HAYDN Franz Joseph
HAYDN Franz Joseph (31 March 1732 – 31 May 1809), known as Joseph Haydn, was one of the most prominent and prolific composers of the Classical period. He was born in Rohrau, Austria, a village that at that time stood on the border with Hungary. In 1739 he was brought to the attention of Georg von Reutter, the director of music in St. Stephen's Cathedral in Vienna, who happened to be visiting Hainburg and was looking for new choirboys. Haydn passed his audition with Reutter, and after several months of further training moved to Vienna (1740), where he worked for the next nine years as a chorister. While a chorister, Haydn had not received any systematic training in music theory and composition. As a remedy, he worked his way through the counterpoint exercises in the text Gradus ad Parnassum by Johann Joseph Fux and carefully studied the work of Carl Philipp Emanuel Bach, whom he later acknowledged as an important influence.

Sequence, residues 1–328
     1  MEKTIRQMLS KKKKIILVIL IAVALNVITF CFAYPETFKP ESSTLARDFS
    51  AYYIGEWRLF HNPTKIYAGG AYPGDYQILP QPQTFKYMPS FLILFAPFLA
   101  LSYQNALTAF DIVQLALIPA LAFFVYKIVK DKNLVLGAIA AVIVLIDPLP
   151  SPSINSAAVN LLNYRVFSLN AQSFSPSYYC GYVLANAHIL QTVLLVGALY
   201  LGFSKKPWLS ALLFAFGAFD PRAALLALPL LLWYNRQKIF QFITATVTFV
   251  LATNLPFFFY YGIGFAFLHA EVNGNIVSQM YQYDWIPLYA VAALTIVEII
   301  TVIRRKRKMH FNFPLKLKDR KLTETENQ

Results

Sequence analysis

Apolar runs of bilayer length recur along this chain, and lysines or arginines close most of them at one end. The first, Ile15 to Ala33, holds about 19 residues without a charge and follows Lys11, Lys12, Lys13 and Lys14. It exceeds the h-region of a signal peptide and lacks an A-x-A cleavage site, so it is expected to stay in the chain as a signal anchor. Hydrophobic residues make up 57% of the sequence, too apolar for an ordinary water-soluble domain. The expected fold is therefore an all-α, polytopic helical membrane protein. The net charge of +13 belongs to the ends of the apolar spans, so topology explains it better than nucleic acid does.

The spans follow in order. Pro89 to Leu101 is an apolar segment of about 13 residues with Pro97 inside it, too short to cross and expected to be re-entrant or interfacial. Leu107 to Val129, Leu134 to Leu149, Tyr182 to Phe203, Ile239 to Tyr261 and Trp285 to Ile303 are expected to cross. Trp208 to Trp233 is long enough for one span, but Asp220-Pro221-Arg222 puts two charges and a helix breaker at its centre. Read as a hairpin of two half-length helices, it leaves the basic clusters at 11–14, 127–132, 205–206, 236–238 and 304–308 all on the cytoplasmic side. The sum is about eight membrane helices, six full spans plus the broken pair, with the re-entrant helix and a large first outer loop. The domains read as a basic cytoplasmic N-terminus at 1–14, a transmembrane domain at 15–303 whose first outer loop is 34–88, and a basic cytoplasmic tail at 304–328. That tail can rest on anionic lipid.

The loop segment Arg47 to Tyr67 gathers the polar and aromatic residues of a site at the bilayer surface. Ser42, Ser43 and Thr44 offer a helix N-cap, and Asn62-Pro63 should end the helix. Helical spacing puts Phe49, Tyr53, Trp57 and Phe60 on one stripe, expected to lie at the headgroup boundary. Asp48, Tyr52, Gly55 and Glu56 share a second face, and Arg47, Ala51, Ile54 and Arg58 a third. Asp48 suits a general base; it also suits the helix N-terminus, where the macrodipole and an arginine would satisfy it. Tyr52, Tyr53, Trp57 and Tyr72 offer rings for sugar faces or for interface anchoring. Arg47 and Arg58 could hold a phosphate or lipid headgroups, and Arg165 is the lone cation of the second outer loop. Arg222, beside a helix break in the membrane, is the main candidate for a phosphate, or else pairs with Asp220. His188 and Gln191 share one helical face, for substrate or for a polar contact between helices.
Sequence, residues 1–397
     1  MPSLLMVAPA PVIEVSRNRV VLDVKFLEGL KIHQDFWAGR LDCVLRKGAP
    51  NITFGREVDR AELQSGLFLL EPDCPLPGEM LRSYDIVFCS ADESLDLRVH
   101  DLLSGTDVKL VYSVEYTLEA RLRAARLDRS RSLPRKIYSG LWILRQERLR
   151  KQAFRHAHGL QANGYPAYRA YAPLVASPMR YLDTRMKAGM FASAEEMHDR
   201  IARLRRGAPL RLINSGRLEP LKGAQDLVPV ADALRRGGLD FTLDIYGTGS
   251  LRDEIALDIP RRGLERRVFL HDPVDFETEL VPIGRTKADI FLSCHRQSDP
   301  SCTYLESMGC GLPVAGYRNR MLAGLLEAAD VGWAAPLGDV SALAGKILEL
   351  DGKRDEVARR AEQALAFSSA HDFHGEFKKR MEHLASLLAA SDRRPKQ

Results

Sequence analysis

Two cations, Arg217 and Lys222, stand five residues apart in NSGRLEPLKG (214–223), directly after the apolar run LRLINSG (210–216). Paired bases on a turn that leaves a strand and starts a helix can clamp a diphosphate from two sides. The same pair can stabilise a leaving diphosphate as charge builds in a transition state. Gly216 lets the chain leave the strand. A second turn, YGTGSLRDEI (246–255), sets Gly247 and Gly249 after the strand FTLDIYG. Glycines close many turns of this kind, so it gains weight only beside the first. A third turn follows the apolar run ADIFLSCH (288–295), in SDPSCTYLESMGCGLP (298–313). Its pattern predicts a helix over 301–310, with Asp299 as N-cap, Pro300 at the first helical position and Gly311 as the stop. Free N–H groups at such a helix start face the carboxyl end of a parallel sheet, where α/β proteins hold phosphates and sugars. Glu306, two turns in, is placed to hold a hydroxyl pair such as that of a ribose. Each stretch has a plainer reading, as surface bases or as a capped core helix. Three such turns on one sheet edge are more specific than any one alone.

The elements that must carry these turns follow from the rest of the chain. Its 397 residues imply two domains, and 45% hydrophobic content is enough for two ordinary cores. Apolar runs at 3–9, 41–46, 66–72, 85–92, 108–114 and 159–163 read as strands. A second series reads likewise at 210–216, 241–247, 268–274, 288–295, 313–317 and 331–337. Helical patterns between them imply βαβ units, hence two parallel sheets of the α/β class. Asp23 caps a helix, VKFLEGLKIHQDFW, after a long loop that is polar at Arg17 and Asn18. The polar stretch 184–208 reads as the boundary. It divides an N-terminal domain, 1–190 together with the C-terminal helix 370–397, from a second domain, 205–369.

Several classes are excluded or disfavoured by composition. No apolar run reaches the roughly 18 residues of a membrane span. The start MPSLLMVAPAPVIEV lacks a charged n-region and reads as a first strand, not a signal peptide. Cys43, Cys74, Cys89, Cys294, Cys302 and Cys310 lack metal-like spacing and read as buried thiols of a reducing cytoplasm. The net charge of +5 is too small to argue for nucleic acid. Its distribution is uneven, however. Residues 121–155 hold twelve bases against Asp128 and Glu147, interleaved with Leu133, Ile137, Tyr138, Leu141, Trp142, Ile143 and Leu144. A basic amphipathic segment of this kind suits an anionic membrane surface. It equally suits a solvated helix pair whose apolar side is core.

Haydn spent much of his career as a court musician for the wealthy Esterházy family at their remote estate. This isolated him from other composers and trends in music until the later part of his life, when he was, as he put it, “forced to become original”. At the time of his death, aged 77, he was one of the most celebrated composers in Europe.
He was instrumental in the development of chamber music such as the piano trio and his contributions to musical form have earned him the epithets “Father of the Symphony” and “Father of the String Quartet”.
Joseph Haydn was the brother of Michael Haydn – himself a highly regarded composer – and Johann Evangelist Haydn, a tenor. He was also a friend of Wolfgang Amadeus Mozart and a teacher of Ludwig van Beethoven.